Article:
“We have crisis resources we direct people to as well, so they are psychologically safe,” Robinson adds. “There are no graphic descriptions of substance abuse, it’s non-judgmental and we have protocol in place if anyone feels triggered.”

The app is for adults 18 and up, and a version for 13- to 17-year-olds is currently in beta. This is something that Innerworld Co-founder and Chief Strategy Officer (and singer/songwriter) Jewel is particularly interested in. According to Robinson, she decided to partner with the platform because she runs the Inspiring Children Foundation, a nonprofit that helps youths with their mental health challenges.

“I was blown away by Jewel’s story and how she developed her own tools that are similar to ours,” Robinson says. “It was an incredible fit, and it’s been exciting to work together. When Jewel joined us, she helped us reach new communities.”

From virtual reality to the real world 

Since Robinson became comfortable talking about his sexuality on RuneScape, he later came out in the real world. Now, an Innerworld user named Sandra, who goes by the username Moongoddess, has followed a similar path.

Sandra was diagnosed with complex post-traumatic stress disorder and often didn’t leave her house because of it.

“When the pandemic hit, it barely affected me because I never went out anyway,” she says. “I had given up [and] accepted my fate.”

She discovered Innerworld after buying a VR headset—her way to explore the world. At first, she was anxious and afraid, keeping her distance from other users and only listening to group sessions. 

“When I listened to that kindness, that compassion, and the life stories of others, something in me changed,” she says. “I started going to more meetings. In fact, I went to every meeting I could. In time, I started to realize I wasn’t alone, that there’s a whole world out there of people who are sad, scared and alone. [There was] a whole world of people who are anxious and depressed, and really just want someone to talk to.”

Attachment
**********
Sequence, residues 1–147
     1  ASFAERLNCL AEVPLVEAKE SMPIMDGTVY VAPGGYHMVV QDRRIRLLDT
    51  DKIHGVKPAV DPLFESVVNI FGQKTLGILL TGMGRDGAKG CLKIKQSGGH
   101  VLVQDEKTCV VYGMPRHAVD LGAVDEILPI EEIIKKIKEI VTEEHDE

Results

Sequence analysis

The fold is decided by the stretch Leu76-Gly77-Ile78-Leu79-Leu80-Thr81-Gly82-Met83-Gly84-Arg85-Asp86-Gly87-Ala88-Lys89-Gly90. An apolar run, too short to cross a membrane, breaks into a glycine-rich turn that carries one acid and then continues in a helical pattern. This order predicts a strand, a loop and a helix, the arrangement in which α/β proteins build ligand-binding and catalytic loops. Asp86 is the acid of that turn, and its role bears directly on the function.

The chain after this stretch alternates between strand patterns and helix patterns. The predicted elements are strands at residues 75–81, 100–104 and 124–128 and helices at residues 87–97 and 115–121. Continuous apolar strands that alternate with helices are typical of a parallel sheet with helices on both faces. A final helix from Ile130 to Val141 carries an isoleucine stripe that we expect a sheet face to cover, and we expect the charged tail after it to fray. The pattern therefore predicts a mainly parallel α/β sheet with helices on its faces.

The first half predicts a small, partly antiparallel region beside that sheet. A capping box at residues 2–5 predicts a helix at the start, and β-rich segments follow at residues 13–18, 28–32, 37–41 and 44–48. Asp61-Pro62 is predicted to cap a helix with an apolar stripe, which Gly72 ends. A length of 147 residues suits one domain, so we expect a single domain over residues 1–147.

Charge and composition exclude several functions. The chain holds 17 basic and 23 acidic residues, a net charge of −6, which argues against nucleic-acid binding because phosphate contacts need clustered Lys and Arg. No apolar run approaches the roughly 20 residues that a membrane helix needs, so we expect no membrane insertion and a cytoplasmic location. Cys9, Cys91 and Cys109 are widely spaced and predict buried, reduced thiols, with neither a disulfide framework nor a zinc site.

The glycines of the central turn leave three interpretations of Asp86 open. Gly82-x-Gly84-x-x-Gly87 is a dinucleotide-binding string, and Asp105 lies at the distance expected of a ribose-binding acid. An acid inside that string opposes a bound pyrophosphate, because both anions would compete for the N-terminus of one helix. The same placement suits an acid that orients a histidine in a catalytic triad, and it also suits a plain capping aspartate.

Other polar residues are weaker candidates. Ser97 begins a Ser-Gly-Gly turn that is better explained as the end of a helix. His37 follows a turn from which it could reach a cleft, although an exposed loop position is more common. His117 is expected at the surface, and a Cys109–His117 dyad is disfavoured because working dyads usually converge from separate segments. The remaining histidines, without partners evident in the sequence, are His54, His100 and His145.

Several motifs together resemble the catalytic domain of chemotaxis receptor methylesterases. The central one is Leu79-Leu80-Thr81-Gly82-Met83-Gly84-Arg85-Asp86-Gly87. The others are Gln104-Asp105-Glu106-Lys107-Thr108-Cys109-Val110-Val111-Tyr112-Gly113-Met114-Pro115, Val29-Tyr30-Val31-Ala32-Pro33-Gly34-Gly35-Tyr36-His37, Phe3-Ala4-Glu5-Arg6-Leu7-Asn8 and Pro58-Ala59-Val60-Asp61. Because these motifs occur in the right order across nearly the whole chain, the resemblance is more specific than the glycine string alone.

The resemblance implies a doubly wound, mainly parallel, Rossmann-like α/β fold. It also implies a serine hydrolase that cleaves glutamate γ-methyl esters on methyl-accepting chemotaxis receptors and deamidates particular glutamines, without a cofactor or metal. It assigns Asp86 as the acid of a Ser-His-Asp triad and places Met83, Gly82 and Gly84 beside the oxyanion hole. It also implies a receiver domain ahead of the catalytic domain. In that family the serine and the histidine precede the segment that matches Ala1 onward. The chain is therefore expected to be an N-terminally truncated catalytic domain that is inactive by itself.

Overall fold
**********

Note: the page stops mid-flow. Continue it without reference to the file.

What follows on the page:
Mental health help on-the-go

Through the app, Sandra soon gathered the strength to venture outside of her house—with the Innerworld app on her iPhone just in case she needed to use it. She brought it with her wherever she went, including a concert where she was surrounded by thousands of people.

“In just three months on this application, it took away 50 years of terror that I lived in,” she says. “I started to learn how to love myself again, how to trust people again and how to understand my own self-worth.”

In short, Innerworld was life-changing for Sandra.

“I never thought I’d be the person I am today,” Sandra says. “I have since sold my house and bought a condo to be closer to my daughter while awaiting my first grandson…. None of this would have been possible without Innerworld.”

Investing in Innerworld for employees

When Robinson is out and about, he makes it a point to talk about his app with people. He’s now made a habit out of telling airline workers about it, and he’s noticed a pattern. 

“They start to cry when they receive the offer of mental health support,” he says.

These employees mention that their companies only cover a few therapy sessions… and that’s it. It obviously isn’t enough, considering that as of 2019, 15% of working-age adults were estimated to have a mental disorder, according to the World Health Organization. Globally, 12 billion working days are lost every single year to anxiety and depression. 

“Employees need a lot more mental health support and continuous access to something whenever they need it,” Robinson says. “We have a product that costs less than therapy. Most people with mild or moderate symptoms of depression or anxiety can benefit from peer-support interventions.”

Right now, Innerworld is working with a variety of companies, offering their platform as part of the benefits package for employees. It’s something that Robinson is hoping to build upon in the years to come, along with expanding the app, which currently has 100,000 downloads and counting.

“Technology has transformed and revolutionized many different industries, but it hasn’t yet done this for mental health support and intervention,” Robinson says. “We want to make it so easy for someone who has depression or anxiety or is struggling with any kind of mental health issue to get it the moment they need it.”

After all, according to Robinson and published research on the topic, human connection accounts for positive outcomes on mental health.

“AI and technology are very exciting, but they won’t replace the core of what makes therapy work, which is human connection.”

Photo by PeopleImages/iStock.